You Can Sea-Doo to This Island Off the Coast of Los Angeles — Racing Wild Dolphins Along the Way

A group of people on skidoos sitting in the water

Courtesy of Uncharted Society

With quaint shops and restaurants, beach clubs, campgrounds, a zip line course, and watersports, there’s plenty to do on California’s Santa Catalina Island. But while most travel the 22 miles from Long Beach by boat or ferry (and the lucky few by helicopter), one adventure company has made the journey even more fun than the destination.

Uncharted Society is a marketplace connecting BRP vehicles (think Sea-Doos and Can-Ams) with tour operators to create “transformative powersport experiences” — and their Sea-Doo adventure to Catalina is just that.

“After we have carefully selected an iconic location, we identify the local outfitters who offer outstanding experiences in that area,” reps for the two-year-old company told Travel + Leisure. Now, they have over 100 certified outfitters in five countries and 21 states running tours on land and water through every season.

Aerial view of the coast of Catalina Images

Courtesy of Uncharted Society

As a water-loving LA resident, I knew I had to Sea-Doo to Catalina as soon as I heard it was an option, and as I mentioned it to friends, our group of keen adventurers quickly grew. It takes roughly two and a half hours, including a few stops to marvel at dolphins and sea lions and a cavern swim. That's more than double the time you’d spend on the ferry, but it comes with 10 times the thrill.

Outfitted in wetsuits, we took off from Long Beach around 8 a.m. on a July morning, the water relatively calm and the sun trying hard to peek out from behind the fog. There had been lots of dolphin talk, but I was trying not to get my hopes up — until our first stop about four miles out, when we had already spotted them swimming right beside us.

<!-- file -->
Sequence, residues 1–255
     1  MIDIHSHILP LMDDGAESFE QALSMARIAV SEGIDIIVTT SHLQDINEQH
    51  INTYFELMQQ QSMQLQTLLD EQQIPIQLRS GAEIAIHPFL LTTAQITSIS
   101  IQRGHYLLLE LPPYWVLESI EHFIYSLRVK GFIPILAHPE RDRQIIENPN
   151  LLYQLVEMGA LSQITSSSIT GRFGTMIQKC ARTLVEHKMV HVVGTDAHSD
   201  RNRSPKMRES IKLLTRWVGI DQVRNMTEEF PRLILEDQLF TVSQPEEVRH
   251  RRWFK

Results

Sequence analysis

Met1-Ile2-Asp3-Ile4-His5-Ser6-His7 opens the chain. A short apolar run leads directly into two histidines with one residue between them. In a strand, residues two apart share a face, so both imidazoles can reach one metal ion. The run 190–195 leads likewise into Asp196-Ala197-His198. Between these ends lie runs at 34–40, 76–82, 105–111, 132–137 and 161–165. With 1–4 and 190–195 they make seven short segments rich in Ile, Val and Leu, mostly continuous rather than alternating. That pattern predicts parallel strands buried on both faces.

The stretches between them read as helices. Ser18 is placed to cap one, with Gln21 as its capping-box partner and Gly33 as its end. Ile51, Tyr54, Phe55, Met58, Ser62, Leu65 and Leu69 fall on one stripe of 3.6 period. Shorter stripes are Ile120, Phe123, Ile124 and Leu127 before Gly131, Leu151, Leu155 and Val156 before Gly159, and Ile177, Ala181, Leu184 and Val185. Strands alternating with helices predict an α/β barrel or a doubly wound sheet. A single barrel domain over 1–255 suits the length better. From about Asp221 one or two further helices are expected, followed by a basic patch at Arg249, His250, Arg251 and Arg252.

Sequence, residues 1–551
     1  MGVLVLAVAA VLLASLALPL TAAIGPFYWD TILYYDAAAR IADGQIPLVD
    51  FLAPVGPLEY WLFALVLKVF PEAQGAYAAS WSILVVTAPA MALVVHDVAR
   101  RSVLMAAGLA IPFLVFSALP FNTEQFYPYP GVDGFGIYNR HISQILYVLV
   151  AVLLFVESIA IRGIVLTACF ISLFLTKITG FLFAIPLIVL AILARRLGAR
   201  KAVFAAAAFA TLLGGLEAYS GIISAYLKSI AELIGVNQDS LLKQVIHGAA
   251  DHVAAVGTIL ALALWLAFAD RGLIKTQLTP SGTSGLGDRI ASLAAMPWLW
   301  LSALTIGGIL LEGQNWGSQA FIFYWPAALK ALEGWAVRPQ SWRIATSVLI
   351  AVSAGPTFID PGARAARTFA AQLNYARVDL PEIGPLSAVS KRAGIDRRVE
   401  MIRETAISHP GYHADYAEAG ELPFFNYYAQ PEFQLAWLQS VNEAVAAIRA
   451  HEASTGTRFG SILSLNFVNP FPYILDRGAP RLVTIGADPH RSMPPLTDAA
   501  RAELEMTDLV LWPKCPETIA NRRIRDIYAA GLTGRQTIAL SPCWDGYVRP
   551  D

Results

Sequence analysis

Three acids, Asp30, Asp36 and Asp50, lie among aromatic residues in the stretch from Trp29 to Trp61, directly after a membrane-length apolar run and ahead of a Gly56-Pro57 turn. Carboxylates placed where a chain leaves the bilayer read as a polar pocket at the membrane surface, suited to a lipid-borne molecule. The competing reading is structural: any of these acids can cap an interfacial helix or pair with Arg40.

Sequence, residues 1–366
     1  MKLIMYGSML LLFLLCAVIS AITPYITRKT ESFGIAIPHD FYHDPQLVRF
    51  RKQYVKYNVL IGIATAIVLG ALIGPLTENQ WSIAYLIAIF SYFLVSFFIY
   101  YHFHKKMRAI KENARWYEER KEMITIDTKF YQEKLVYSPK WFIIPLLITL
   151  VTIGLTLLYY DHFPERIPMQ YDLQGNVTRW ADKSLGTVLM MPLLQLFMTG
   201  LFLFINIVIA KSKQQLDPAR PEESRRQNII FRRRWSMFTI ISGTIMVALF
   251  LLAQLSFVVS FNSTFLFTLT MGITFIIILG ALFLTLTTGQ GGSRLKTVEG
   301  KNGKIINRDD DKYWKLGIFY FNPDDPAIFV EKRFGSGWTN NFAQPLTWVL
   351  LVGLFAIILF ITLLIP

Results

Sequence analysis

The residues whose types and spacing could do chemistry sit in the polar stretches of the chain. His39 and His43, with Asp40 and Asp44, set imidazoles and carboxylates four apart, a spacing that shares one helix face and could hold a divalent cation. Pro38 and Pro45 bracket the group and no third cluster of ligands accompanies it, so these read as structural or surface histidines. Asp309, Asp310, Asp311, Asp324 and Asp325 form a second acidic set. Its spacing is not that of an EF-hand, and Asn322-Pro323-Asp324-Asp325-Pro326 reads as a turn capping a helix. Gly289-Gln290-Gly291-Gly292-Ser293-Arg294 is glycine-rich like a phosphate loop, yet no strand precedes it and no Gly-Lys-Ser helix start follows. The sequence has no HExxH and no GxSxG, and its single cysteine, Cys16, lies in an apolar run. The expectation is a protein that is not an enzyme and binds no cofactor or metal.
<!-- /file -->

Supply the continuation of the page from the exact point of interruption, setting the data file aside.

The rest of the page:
Adrenaline was even higher from that point on and we sped off through the San Pedro Channel, racing and splashing one another (from a safe distance), with no trace of land in sight. This wasn’t your average tour, with speed limits or orderly lines. Our group ranged in age from 19 to 52, but the exhilarating experience of being “lost” on a Sea-Doo in the middle of the ocean made us all feel like kids.

A group of people driving skidoos in the water

Courtesy of Uncharted Society

Although adventure takes top priority, Uncharted Society designs its experiences to appeal to die-hard enthusiasts and first-timers alike. “We truly believe at Uncharted Society that whether you get outside for a few hours or a few days, time spent in nature is transformative for everyone,” they told T+L.

Before arriving at Catalina’s Two Harbors — the quieter, more natural side of the island compared to the lively little streets of Avalon — we stopped for a cave swim through the clear, cold waters at Blue Cavern Point. By the time we touched sand and sat down for lunch on the beachfront deck of Harbor Reef Restaurant (no, we still hadn’t had enough water views), we were more than ready to demolish our mahi-mahi sandwiches followed by ice cream at the General Store. 

Aerial view of a group on skidoo jet skis on the coast of Catalina

Courtesy of Uncharted Society

We relaxed on the beach for a while before getting back on our Sea-Doos for the return journey home. The water was a bit choppier this time, but the sky had turned as blue as the ocean below. Lagging behind, I heard excited screams and sped up to find a pod of dolphins playing around in the surf as if they were racing us back to Long Beach. Being at almost eye level with these stunning creatures, and feeling like we might even be able to match their speed, was an unbeatable feeling. 

The Catalina Sea-Doo tour runs for the last time in 2022 on Nov. 30, but it will be back in early 2023 with the promise of winter whale sightings (and thicker wetsuits). For those unafraid of the cold, the winter adventures won’t stop there: Uncharted Society will take you on a Ski-Doo through the snow in West Yellowstone, power sled skiing in the Chilean Andes, or glacier riding in Alaska.

They’ve just expanded into Canada, with adventures ranging from Sea-Doo fishing in Vancouver and waterfall chasing in a Can-Am offroad vehicle in Panorama to snowy Ski-Doo excursions in Quebec and Whistler. In November, they plan to launch a Women’s Collection, part of an initiative to “grow women representation in powersports.” Currently, women represent 20% of BRP vehicle owners and around one third of Uncharted Society’s website visits, the company says. “Our hope is that Uncharted Society’s Women’s Collection will increase the percentages of women enjoying powersports through these tailored adventures."

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